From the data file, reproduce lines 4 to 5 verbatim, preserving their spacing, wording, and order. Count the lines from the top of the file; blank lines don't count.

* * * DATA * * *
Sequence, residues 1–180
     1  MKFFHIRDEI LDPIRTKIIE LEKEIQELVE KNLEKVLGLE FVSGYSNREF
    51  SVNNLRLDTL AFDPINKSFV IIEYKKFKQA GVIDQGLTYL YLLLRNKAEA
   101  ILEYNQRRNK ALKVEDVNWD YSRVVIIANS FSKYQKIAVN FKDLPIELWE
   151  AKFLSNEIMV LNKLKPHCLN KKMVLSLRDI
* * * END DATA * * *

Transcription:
   101  ILEYNQRRNK ALKVEDVNWD YSRVVIIANS FSKYQKIAVN FKDLPIELWE
   151  AKFLSNEIMV LNKLKPHCLN KKMVLSLRDI